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I recently watched a Japanese drama titled 「おせん」. The title comes from the first name of the main character - the character's name is 半田{はんだ}仙{せん} who is a young お上{かみ} of a traditional restaurant.

My question is: is it common for the honorific お prefix (I guess it is used like that) to be added to names? How is it used? Other people in the drama often address this character as おせんさん. Is it normal to add both お and さん?

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    Don't quote me on this, but I vaguely recall hearing that the お~さん form is old-fashioned (little used today) and is only used for women - cf. definition 2 here. – senshin May 4 '14 at 4:29
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It was a common practice during the Edo and Meiji periods and on through Taishou and early Shouwa periods.

Women's names back then tended to be short (mostly two-syllable long and sometimes just one as OP's example) and surprisingly simple compared to their present-day counterparts. Baby girls were often named literally after simple plant, flower and animal names, such as まつ(pine)、きく(crysanthemum)、うめ(plum)、とら(tiger)、かめ(turtle)、たつ(dragon), etc. They were by and large written in kana as well because people selected these names for their sounds, not for their meanings.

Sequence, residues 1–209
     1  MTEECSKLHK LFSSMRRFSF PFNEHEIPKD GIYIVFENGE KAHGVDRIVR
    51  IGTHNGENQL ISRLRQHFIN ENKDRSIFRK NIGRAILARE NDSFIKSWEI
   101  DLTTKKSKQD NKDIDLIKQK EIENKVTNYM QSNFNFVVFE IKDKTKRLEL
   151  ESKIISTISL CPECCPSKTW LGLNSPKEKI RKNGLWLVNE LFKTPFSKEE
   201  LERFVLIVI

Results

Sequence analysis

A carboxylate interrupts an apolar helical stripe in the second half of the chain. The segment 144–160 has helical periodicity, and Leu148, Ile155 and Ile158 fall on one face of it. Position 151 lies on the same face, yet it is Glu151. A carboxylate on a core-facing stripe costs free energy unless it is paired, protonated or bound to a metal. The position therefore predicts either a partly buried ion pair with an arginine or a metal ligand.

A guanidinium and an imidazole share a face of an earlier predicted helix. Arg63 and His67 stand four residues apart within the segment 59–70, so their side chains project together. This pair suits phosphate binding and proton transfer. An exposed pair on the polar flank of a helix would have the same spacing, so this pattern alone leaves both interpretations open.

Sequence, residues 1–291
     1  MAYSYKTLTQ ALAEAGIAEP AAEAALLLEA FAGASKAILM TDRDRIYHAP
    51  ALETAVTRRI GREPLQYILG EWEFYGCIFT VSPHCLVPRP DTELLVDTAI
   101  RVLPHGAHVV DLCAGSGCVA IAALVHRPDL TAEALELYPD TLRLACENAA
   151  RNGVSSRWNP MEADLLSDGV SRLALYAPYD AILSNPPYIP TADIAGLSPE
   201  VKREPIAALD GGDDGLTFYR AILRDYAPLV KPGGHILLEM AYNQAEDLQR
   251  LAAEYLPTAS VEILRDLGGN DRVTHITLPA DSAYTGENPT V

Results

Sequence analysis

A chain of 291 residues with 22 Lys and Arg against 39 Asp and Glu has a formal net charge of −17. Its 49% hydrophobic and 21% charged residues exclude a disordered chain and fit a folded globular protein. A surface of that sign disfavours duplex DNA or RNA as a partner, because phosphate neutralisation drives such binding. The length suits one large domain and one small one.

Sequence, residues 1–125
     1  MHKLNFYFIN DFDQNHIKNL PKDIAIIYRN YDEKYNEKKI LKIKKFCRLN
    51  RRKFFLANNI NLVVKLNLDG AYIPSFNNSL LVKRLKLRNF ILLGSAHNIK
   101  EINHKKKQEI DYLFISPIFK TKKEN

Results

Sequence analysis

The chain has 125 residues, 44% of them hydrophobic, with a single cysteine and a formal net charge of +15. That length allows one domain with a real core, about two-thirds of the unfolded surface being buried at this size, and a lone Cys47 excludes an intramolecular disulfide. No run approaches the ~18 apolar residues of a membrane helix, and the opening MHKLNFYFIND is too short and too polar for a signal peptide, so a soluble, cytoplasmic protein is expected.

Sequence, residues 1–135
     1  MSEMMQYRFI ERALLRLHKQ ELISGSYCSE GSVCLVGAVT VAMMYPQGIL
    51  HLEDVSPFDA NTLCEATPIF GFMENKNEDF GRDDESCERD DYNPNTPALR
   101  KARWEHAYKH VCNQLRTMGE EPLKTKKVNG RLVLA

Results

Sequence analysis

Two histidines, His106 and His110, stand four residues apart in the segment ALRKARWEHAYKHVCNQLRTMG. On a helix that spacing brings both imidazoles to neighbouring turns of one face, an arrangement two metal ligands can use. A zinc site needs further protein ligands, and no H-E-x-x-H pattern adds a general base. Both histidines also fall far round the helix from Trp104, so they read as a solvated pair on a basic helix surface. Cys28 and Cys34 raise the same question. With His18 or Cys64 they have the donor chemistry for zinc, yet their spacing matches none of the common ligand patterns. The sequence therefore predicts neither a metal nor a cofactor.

These names just sounded "better", "cuter" and/or "more rhythmical" if the honorific 「お」 was added. This 「お」 was for expressing affection, not necessarily respect.

「さん」 was also added depending on who was addressing (or referring to) whom.

  • Thank you, that makes perfect sense. Even though the drama takes place in contemporary Tokyo, this woman is all about things from the past. So she is also called as it was in the past. – Szymon May 4 '14 at 7:40

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